- Great Lakes and St. Lawrence Cities Initiative
  • ID NUMBER : DL1670
  • Sex : Presumed male
  • Year of birth : Around 1990
  • Know since : 2000
  • Adopted since : 2014
1670_G_BL00-054-02 1

His field marks

DL1670 bears a small spot on his left flank that is not always easy to see. The two side-by-side gashes in the middle of his dorsal crest are also a good way to identify him.

Life history

Our first encounter with DL1670 goes back to 2000. He was slightly gray at the time but already of considerable size. He turned white a few years later (around 2004), suggesting that he was born around 1990. Belugas fade from gray to white in colour between the ages of 12 and 16.

From 2005 onward, his frequent associations in herds comprising exclusively adults lead us to believe that DL1670 is a male. Indeed, there exists a sort of sexual segregation in belugas. Particularly in summer, bulls and cows live separately and frequent different sectors. Although it is not rare to see males join up with herds of females and young, it is especially unusual to observe females in herds composed predominantly of males.

DL1670 is regularly observed near the mouth of the Saguenay. He might belong to one of the two male networks of the Saguenay. Members of these networks do not intermingle with other male networks, even if their territories do overlap. As the years pass, males have a tendency to form stable groups of companions. These associations may play a role in belugas’ reproductive lives. DL1670 is a young male, however, who is not yet known to have a devoted companion.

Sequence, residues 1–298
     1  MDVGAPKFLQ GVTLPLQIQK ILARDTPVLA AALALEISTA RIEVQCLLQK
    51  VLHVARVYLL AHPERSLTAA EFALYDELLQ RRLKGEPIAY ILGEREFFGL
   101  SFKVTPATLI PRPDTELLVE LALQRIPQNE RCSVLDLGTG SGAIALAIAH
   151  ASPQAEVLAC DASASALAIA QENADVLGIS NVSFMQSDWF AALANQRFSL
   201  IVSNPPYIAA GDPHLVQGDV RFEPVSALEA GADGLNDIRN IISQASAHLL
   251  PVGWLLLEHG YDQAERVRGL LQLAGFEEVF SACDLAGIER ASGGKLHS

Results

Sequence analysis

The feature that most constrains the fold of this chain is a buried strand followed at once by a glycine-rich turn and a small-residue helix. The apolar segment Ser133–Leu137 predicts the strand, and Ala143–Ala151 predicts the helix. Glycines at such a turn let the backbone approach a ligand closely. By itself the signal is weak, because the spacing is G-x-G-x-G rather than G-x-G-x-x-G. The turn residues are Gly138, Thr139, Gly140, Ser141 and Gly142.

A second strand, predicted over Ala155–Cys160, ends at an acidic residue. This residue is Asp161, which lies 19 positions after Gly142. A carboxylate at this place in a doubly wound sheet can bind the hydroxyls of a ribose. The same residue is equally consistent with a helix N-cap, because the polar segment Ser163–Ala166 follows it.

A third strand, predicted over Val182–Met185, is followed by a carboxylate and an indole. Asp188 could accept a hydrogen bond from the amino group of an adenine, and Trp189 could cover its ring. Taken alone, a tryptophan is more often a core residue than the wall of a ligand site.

How DL1670’s story unfolds will teach us volumes on the evolution of belugas’ social lives. By better understanding how belugas live, we will better be able to protect them.

Observé(e) régulièrement avec:

DL1670 observations history

Latest news

  • AUGUST 30, 2012

    August 30, 2012: near Anse à la Boule in the Saguenay, we cross paths with a herd numbering some forty individuals. The herd is noted to be disparate, comprising adults, young and four calves. The majority of the animals are alone, except the females and calves, who are swimming in two isolated groups. The solitary animals are probably males, based on their size and behaviour; DL1670 is identified amongst them.